30 09:50  269     ZW     Teslin, YT, CAN
28 05:51  272     XS     Prince George, BC, CAN
28 10:47  283     DUT    Dutch Harbor, ALS
28 06:06  284     FHR    Friday Harbor, WA, USA
30 09:35  284     QD     The Pas, MB, CAN
28 10:39  287     PE     Peace River, AB, CAN
28 06:07  290     YYF    Penticton, BC, CAN
28 06:07  293     MB     Sidney, BC, CAN
28 10:39  295     8C     Fairview, AB, CAN
28 10:39  299     TV     Turner Valley, AB, CAN
28 06:11  312     UNT    Naramata, BC, CAN
28 06:14  325     YJQ    Bella Bella, BC, CAN
28 06:16  326     DC     Princeton, BC, CAN
29 11:08  326     XJ     Fort St. John, BC, CAN
28 06:16  332     WC     White Rock, BC, CAN
28 06:18  338     K      Port Angeles, WA, USA
29 11:06  338     ZU     Whitecourt, AB, CAN
29 11:05  341     DB     Burwash, YT, CAN
28 06:19  344     XX     Abbotsford, BC, CAN
30 09:08  348     MNC    Shelton, WA, USA
28 06:20  350     NY     Enderby, BC, CAN
28 10:25  356     ON     Penticton, BC, CAN
30 09:03  356     ZF     Yellowknife, NT, CAN
28 06:20  359     YQZ    Quesnel, BC, CAN
28 10:20  362     RPX    Roundup, MT, USA
28 10:17  362     BF     Seattle, WA, USA
28 06:22  368     ZP     Sandspit, BC, CAN
29 10:17  368     SX     Cranbrook, BC, CAN
29 10:31  374     EX     Rutland, BC, CAN
29 10:31  375     FS     Fort Simpson, NT, CAN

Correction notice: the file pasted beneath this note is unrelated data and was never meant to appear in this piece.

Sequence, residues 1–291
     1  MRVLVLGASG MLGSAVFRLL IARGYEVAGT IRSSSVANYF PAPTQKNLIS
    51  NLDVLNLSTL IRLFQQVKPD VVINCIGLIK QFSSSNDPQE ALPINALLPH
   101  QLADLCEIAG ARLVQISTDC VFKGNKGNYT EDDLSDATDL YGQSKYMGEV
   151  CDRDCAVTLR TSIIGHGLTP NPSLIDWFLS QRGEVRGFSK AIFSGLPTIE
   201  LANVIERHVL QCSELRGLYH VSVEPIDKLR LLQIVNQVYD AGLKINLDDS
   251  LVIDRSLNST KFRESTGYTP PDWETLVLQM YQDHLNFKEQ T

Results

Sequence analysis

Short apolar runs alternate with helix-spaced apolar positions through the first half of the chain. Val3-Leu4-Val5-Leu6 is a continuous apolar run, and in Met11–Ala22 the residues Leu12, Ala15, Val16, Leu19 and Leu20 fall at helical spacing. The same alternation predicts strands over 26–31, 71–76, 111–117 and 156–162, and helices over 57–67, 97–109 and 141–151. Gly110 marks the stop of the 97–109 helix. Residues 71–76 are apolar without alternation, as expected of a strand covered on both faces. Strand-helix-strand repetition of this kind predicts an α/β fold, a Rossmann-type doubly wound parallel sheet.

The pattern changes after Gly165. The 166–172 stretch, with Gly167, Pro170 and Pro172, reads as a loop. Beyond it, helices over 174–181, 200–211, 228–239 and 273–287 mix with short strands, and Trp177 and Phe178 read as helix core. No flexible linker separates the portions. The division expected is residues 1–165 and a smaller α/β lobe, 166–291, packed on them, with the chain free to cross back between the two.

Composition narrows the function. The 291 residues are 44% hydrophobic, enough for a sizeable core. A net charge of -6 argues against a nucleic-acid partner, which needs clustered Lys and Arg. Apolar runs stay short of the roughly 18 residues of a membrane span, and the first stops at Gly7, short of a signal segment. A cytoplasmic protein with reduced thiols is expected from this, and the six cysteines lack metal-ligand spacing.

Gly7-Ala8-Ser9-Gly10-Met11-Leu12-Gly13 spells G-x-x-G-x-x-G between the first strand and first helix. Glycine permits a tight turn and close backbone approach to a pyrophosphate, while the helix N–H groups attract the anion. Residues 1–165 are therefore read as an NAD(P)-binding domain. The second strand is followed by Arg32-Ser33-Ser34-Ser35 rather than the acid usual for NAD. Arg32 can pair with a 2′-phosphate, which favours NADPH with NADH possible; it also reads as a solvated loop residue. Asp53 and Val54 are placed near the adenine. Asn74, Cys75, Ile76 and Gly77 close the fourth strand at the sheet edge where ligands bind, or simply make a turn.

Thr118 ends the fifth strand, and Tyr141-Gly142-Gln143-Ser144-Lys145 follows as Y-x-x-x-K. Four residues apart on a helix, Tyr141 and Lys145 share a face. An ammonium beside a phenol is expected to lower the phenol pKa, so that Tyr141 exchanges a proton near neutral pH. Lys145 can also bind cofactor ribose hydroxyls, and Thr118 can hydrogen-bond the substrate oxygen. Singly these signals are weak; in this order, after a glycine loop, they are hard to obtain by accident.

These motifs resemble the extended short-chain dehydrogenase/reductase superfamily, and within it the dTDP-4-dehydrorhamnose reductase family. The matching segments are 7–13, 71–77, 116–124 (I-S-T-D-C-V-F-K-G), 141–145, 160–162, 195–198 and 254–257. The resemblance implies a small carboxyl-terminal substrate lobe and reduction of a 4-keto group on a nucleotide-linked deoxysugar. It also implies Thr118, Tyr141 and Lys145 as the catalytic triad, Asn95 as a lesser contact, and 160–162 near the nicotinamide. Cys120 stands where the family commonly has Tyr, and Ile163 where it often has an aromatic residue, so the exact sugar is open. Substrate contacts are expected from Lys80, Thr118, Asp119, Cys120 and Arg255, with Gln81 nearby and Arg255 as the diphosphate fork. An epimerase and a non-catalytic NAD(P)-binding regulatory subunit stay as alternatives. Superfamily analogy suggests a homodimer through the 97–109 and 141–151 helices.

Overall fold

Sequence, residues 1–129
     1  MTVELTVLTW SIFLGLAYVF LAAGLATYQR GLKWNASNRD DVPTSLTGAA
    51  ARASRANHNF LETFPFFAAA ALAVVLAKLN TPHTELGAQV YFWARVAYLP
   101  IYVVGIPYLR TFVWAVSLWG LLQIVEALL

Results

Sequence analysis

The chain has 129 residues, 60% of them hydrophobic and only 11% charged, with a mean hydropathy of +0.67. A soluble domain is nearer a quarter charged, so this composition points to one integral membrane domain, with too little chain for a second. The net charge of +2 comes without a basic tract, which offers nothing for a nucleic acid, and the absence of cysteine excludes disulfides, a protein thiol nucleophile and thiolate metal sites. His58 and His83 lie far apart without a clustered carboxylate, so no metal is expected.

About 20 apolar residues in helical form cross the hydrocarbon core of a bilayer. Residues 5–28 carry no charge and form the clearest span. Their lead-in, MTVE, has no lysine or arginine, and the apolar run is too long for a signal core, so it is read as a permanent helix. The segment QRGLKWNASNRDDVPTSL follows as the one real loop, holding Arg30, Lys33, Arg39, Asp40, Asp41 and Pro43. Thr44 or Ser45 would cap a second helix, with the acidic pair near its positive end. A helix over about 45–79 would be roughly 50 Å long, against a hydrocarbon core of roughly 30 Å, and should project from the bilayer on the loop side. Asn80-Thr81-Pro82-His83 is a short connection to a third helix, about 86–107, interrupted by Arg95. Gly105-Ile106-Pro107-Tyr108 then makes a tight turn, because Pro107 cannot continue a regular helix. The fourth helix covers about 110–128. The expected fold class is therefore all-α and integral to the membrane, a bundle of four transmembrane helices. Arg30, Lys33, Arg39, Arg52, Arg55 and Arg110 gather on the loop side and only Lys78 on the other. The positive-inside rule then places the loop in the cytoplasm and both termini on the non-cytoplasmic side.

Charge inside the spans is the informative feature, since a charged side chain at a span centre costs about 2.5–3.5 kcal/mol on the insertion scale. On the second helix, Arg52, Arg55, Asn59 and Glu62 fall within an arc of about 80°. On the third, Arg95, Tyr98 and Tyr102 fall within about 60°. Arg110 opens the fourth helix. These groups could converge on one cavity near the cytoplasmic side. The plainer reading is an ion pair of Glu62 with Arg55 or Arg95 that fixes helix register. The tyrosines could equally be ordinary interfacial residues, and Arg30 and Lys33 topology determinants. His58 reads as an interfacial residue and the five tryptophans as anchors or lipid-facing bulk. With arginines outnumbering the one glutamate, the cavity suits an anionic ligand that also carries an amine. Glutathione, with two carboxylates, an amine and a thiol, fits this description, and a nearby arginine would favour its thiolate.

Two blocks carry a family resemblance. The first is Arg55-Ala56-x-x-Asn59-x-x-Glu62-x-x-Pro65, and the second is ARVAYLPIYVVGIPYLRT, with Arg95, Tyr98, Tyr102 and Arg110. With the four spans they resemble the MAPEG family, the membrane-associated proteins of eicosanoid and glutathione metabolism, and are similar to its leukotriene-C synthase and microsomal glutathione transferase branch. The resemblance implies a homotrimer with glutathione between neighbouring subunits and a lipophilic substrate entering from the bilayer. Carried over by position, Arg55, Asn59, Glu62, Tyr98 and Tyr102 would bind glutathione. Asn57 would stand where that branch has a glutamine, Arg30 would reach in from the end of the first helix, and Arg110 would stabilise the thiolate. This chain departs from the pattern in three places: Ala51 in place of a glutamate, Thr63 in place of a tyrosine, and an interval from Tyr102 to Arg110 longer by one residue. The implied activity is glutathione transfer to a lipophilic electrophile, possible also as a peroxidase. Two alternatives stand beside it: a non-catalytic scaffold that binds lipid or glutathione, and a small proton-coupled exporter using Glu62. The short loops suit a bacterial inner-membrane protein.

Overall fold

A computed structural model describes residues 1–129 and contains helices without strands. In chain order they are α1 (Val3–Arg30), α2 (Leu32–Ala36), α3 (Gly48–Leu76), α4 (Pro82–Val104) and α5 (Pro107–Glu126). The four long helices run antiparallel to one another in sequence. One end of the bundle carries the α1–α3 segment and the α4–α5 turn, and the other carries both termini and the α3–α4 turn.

28 06:20  378     AP     Active Pass, BC, CAN
28 06:26  382     YPW    Powell River, BC, CAN
29 10:37  382     YE     Fort Nelson, BC, CAN
28 06:23  385     WL     Williams Lake, BC, CAN
29 10:39  388     MM     Fort Mc Murray, AB, CAN
28 06:41  389     YWB    Kelowna, BC, CAN
29 10:42  394     DQ     Dawson Creek, BC, CAN
29 10:44  397     ZSS    Yellowhead, SK, CAN
29 10:48  398     YOD    Cold Lake, AB, CAN
28 06:28  400     QQ     Comox, BC, CAN
28 06:28  404     MOG    Montegue, CA, USA
29 10:49  405     2K     Camrose, AB, CAN
29 10:16  406     YLJ    Meadow Lake, SK, CAN
28 06:29  408     MW     Moses Lake, WA, USA
29 10:53  414     8M     Elk Point, AB, CAN
28 20:00  515     CL     Cresent Beach, WA, USA

I ended up with 70 stations logged, including a couple of Alaskans, in spite of the horrendous lightning noise on all three nights. Doing another 'Barn Door CLE' in the middle of the quiet DX season would be much more exciting and several 1AD users have indicated an appetite for such an event. If you put something together please let me know as having an army of 1AD's ready to go would be a great incentive to schedule another Barn Door weekend!